[Federal Register: July 11, 2002 (Volume 67, Number 133)]
[Notices]
[Page 45995-45996]
From the Federal Register Online via GPO Access [wais.access.gpo.gov]
[DOCID:fr11jy02-86]

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DEPARTMENT OF THE INTERIOR

National Park Service

Notice of Intent to Repatriate a Cultural Item in the Possession
of the Logan Museum of Anthropology, Beloit College, Beloit, WI

AGENCY: National Park Service, Interior.

ACTION: Notice.

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    Notice is hereby given in accordance with the Native American
Graves Protection and Repatriation Act (NAGPRA), 43 CFR 10.10 (a)(3),
of the intent to repatriate a cultural item in the possession of the
Logan Museum of Anthropology that meets the definition of ``sacred
object'' and ``object of cultural patrimony'' under Section 2 of the
Act.
    This notice is published as part of the National Park Service's
administrative responsibilities under NAGPRA, 43 CFR 10.2 (c). The
determinations within this notice are the sole responsibility of the
museum, institution, or Federal agency that has control of these
cultural items. The National Park Service is not responsible for the
determinations within this notice.
    The cultural item is a bear headdress (Xoots Shakee.at). It is
comprised of an ermine fur crown decorated around the edge with sea-
lion whiskers and red and yellow shafted flicker feathers. The carved
wooden frontlet represents a bear whose breast and abdomen are
decorated with the head of an eagle and the head and front legs of a
frog. The carving is painted red, black, blue, and green and is inlaid
with abalone shell along the top and along each side of the bear crest.
The interior frame of the headdress is constructed of wood and
whalebone and lined with cotton cloth.

[[Page 45996]]

    Accession and catalogue records of the Logan Museum of Anthropology
and the Portland Art Museum indicate that the bear headdress was
collected by Axel Rasmussen in Alaska between 1926 and 1936. Mr.
Rasmussen went to Alaska in the late 1920s as superintendent of schools
at Wrangell. In 1937, he left Wrangell for a similar position in
Skagway, where he stayed until his death in 1945. The headdress was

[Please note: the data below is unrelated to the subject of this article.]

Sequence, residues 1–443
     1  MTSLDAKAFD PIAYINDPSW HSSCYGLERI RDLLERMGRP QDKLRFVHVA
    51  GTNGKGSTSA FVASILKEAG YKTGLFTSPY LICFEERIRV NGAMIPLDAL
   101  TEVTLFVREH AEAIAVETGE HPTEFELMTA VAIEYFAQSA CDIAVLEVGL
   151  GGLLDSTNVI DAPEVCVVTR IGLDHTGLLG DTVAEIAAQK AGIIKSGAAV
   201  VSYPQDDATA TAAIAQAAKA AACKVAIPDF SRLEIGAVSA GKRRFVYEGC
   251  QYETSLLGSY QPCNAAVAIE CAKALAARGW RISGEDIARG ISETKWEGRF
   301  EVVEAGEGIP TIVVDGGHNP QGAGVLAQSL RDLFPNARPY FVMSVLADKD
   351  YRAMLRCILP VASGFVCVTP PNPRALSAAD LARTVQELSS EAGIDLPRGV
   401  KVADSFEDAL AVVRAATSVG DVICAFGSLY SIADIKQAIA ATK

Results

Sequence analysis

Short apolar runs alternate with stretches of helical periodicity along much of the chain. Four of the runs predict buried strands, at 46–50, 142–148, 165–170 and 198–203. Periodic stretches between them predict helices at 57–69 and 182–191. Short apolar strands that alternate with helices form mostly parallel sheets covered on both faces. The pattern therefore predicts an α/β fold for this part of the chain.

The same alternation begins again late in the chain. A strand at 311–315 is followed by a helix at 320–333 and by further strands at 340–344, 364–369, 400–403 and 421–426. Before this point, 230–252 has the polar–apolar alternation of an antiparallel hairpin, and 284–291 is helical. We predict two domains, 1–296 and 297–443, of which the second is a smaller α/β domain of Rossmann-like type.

probably collected while he was in Wrangell, as the date marked on the
collector's catalogue card predates his tenure in Skagway. In 1948, his
art collection was donated to the Portland Art Museum, which sold the
headdress to the St. Paul Gallery in St. Paul, MN, in 1959. Rev. Glen
Ridenour purchased the headdress from the St. Paul Gallery at an
unknown date and sold it to the Logan Museum of Anthropology in 1964.
    Consultations with and documentation provided by representatives of
the Central Council of Tlingit and Haida Indian Tribes acting on behalf
of the Teikweidi Clan of the Tlingit confirm the Tlingit identity of
this cultural item, and the Teikweidi Clan of the Tlingit as the
rightful custodians of this item. Central Council of Tlingit and Haida
Indian Tribes representatives have provided evidence that the headdress
is needed for religious ceremonies by the clan, and that the headdress
has ongoing historical, traditional, and cultural importance to the
Tlingit people, and to the Teikweidi Clan in particular, and that under
the Tlingit system of communal property ownership, this cultural item
could not have been alienated, appropriated, or conveyed by any
individual.
    Based on the above-mentioned information, officials of the Logan
Museum of Anthropology have determined that, pursuant to 43 CFR 10.2
(d)(3), this cultural item is a ceremonial object needed by traditional
Native American religious leaders for the practice of traditional
Native American religions by their present-day adherents. Officials of
the Logan Museum of Anthropology also have determined that, pursuant to
43 CFR 10.2 (d)(4), this cultural item has ongoing historical,
traditional, and cultural importance to the clan itself and is of such
central importance that it could not have been alienated, appropriated,
or conveyed by any individual. Lastly, officials of the Logan Museum of
Anthropology have determined that, pursuant to 43 CFR 10.2(e), there is
a relationship of shared group identity that can be reasonably traced
between this sacred object/object of cultural patrimony and the
Teikweidi Clan of the Tlingit tribe, whose interests are represented
here by the Central Council of Tlingit and Haida Indian Tribes.
    This notice has been sent to officials of the Central Council of
Tlingit and Haida Indian Tribes. Representatives of any other Indian
tribe that believes itself to be culturally affiliated with this object
should contact William Green, Director, Logan Museum of Anthropology,
Beloit College, 700 College St., Beloit, WI 53511, telephone (608) 363-
2119 before August 12, 2002. Repatriation of this sacred object/object
of cultural patrimony to the Central Council of Tlingit and Haida
Indian Tribes may begin after that date if no additional claimants come
forward.

    Dated: June 19, 2002
Robert Stearns,
Manager, National NAGPRA Program.
[FR Doc. 02-17414 Filed 7-10-02; 8:45 am]
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